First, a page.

“Yes, Ma’am. Two older and one younger.”

“Only three?” she asked puzzled, “You must have a few sisters then.”

“Yes, Ma’am, both of them younger.”

“Three boys and three girls,” Elaine chimed, “That’s a nice balance.  Unlike here, I have five brothers, and all of them are older.”


“J’excuse, Maman,” she apologized quietly. [Excuse me, Mother/ I’m sorry, Mother]

As Emily removed her apron to sit down at the far end of the table, the light fixture above the table rattled. Thumping feet clambered up the basement stairs and three young men bolted through the door, while a quieter rumble came down from the upper staircase, and two couples emerged.

The two young ladies were seated immediately while their men stood behind them.

“Frank, Jack, you will sit to the left of your wives.  Danny, your sister has company, so you will sit opposite me. Howard, Billy, you may take your regular places.”

Once all the boys had their assignments, they sat down.  Emily gave the blessing and then introduced everyone to my mother:

“Children, this is Ethel, Elaine’s friend from work.” The two girls smiled and said “Hello.”  All the boys looked in her direction and nodded.

“I don’t expect you to remember them all, Dear,” Emily said, “But, it might help you to call someone by name to pass the potatoes or the pot roast.  Beside Elaine is Howard — then there’s William, who isn’t my son, but was dropped off one day by Child Services.  

“We were told it was temporary, two months at most, until he could be placed in foster care.  They came back for him two years later.”

“But, he’s still here?” my mother questioned.

“Her fault,” William quipped, pointing at Emily with the handle of his knife, as he finished buttering his bread.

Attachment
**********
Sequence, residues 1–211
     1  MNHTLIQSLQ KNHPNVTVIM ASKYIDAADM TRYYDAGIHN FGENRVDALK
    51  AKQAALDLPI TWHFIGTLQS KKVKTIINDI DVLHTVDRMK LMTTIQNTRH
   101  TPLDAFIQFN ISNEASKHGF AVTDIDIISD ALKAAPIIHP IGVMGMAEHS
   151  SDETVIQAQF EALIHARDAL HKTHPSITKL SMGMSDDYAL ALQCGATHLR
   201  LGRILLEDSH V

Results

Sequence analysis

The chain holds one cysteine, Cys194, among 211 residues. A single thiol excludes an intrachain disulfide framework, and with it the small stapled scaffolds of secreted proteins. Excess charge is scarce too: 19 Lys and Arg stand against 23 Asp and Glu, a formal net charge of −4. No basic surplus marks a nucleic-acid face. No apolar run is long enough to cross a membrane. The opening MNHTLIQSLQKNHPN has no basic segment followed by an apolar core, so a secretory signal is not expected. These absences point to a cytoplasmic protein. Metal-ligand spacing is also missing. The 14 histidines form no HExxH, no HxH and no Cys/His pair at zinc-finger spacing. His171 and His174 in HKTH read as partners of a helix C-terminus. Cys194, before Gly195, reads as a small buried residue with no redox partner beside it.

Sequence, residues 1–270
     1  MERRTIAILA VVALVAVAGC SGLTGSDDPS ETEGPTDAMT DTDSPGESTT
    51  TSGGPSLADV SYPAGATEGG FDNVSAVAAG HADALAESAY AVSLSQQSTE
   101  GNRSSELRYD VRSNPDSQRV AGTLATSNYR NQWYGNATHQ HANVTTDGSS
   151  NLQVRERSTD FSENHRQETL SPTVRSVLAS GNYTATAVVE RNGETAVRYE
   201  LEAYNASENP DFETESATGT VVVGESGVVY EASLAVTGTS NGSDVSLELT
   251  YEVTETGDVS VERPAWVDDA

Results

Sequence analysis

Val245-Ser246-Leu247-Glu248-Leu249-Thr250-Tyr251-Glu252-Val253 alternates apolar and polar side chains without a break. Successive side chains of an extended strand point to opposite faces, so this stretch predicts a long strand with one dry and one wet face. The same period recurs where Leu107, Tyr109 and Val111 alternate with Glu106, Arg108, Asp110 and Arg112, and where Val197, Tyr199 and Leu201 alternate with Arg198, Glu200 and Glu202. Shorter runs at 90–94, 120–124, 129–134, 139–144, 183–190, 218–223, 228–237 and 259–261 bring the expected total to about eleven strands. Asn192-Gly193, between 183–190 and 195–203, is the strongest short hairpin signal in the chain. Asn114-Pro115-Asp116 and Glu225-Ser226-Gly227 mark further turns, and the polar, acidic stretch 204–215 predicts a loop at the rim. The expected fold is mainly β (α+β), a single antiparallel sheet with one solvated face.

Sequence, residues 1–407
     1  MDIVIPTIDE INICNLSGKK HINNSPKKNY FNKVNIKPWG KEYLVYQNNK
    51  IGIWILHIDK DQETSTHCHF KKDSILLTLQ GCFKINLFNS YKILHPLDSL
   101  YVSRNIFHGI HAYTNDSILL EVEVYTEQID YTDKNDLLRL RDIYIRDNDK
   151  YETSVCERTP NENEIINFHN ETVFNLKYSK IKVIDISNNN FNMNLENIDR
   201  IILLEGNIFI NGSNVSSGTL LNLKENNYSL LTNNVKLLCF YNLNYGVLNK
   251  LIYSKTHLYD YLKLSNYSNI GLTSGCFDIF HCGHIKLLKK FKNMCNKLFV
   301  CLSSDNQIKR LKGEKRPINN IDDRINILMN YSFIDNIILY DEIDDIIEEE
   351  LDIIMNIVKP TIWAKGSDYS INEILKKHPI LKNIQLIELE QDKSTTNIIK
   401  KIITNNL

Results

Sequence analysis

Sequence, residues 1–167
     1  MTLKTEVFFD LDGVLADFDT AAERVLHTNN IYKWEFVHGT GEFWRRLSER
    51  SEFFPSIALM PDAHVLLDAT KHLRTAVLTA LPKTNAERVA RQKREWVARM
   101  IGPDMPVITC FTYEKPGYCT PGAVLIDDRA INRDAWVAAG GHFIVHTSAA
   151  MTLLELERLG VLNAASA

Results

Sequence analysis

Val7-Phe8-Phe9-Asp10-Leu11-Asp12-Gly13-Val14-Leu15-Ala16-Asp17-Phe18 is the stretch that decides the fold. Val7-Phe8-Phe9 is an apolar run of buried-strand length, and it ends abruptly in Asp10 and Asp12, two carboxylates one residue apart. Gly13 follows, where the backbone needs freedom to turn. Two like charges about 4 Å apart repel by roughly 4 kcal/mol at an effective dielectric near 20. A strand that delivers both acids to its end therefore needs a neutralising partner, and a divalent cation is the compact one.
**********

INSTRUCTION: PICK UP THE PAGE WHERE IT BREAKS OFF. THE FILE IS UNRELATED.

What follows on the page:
Everyone at the table began to laugh, as Mum looked puzzled.

“I told them,” Emily recollected, “Billy is part of the family now, bid them good day, and shut the door — that was … fifteen years ago.”

Gesturing to her left, Emily continued with the introductions.

“This is Jack and his wife, Gail, my oldest son Frank and his wife Shirley, and at the end there is Danny.”

As she adjusted her dinner napkin in her lap, Emily gestured to my mother.

“Since you are our guest, Ethel, you may start. Elaine, help her, please.”

Grabbing the closest thing near her, Mum took a large glass bowl of mashed potatoes.  As she held the bowl, Elaine dished out amounts to both their plates.

“Would you like gravy, Ethel?” Elaine asked.

“Yes, please!” was the reply.

So, as Elaine turned to her left to get the gravy boat from Howard, my mother turned to her right to pass the mashed potato bowl to Danny, but — strangely — he didn’t take it from her.

“OH, NO! NO, NO!” Emily screeched after looking up from her plate, frightening not only my mother, but Gail and Shirley as well. “Don’t pass anything to Danny, Dear.  He gets served last.”

“Oh, I’m sorry,” Ethel replied, looking at the quiet, skinny boy seated adjacent to her. “But, why is that?”

Elaine leaned over and answered, “Because he dumps the bowls onto his plate.”  

My mother’s confused look grew wider.

“He gets whatever is left after we have taken what we want,” Jack added in his booming baritone. “So, take all you can eat, because there are no second helpings when my baby brother gets the bowl.”